Speechmatics Launches Autonomous Speech Recognition Software
Speechmatics, a speech recognition technology provider, today launched its Autonomous Speech Recognition software.
Using the latest techniques in deep learning and new self-supervised models, based on datasets used in Stanford's Racial Disparities in Speech Recognition study, Speechmatics recorded an overall accuracy of 82.8 percent for African American voices compared to Google (68.7 percent) and Amazon (68.6 percent). This level of accuracy equates to a 45 percent reduction in speech recognition errors — the equivalent of three words in an average sentence. Speechmatic' Autonomous Speech Recognition delivers similar improvements in accuracy across accents, dialects, age, and other sociodemographic characteristics.
Speechmatics also outperforms competitors on children's voices, having recorded 91.8 percent accuracy compared to Google (83.4 percent) and Deepgram (82.3 percent) based on the open-source project Common Voice.
Speechmatics' technology is trained on huge amounts of unlabelled data directly from the internet, such as social media content and podcasts. By using self-supervised learning, the technology is now trained on 1.1 million hours of audio for a far more comprehensive representation of all voices that also dramatically reduces AI bias and errors in speech recognition.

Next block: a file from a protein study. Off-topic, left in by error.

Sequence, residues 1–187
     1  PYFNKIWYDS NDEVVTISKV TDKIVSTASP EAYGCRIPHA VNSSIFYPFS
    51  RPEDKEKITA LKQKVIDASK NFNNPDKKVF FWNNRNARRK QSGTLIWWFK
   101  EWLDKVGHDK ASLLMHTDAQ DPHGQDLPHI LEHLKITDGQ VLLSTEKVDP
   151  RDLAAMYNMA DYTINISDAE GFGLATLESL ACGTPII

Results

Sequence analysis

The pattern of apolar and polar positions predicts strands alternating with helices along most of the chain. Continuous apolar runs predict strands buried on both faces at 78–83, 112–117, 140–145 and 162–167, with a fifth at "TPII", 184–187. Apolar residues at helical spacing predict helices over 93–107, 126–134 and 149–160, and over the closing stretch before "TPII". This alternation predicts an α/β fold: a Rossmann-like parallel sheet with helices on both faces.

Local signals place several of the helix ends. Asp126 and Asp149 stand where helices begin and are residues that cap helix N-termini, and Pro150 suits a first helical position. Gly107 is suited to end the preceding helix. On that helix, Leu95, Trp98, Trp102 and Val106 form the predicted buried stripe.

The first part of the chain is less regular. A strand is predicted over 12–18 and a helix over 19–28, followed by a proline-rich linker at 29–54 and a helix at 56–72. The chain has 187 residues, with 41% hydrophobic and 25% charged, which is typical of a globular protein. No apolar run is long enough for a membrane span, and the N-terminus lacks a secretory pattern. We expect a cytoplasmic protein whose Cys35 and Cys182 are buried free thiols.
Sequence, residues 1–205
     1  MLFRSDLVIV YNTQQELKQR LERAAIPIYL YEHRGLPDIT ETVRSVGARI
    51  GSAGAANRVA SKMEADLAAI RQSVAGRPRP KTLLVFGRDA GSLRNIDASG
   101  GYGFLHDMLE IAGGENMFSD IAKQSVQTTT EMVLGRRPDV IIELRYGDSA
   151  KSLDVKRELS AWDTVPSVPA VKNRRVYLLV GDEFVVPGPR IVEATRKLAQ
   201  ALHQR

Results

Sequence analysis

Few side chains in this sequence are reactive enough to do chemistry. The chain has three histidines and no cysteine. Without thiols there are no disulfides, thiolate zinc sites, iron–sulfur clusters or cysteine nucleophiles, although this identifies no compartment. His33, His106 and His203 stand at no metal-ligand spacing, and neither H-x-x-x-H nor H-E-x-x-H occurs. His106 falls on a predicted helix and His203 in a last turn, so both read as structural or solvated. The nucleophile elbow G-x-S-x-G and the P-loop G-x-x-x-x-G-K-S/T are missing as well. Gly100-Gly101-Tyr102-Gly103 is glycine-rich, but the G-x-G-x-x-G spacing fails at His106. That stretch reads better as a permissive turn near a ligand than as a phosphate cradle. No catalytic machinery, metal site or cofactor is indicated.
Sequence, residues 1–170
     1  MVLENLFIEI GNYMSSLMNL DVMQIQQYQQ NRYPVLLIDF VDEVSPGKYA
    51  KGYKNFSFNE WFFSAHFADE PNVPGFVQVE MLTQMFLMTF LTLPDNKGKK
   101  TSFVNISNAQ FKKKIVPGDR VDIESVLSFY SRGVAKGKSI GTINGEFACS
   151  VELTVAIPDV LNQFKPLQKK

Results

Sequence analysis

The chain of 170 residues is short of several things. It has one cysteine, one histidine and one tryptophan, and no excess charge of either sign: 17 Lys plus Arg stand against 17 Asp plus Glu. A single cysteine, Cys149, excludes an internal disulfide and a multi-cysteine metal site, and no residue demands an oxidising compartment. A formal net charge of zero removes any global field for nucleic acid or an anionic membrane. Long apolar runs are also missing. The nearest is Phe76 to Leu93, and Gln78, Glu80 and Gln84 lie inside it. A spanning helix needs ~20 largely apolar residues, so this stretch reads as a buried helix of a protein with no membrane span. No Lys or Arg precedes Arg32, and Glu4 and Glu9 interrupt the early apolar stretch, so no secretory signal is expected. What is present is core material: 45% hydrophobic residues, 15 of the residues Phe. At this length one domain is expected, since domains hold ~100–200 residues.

"We are on a mission to deliver the next generation of machine learning capabilities, and through that offer more inclusive and accessible speech technology. This announcement today is a huge step toward achieving that mission," said Katy Wigdahl, CEO of Speechmatics, in a statement. "Our focus in tackling AI bias has led to this monumental leap forward in the speech recognition industry and the ripple effect will lead to changes in a multitude of different scenarios. Think of the incorrect captions we see on social media, court hearings where words are mistranscribed, and eLearning platforms that have struggled with children's voices throughout the pandemic. Errors people have had to accept until now can have a tangible impact on their daily lives."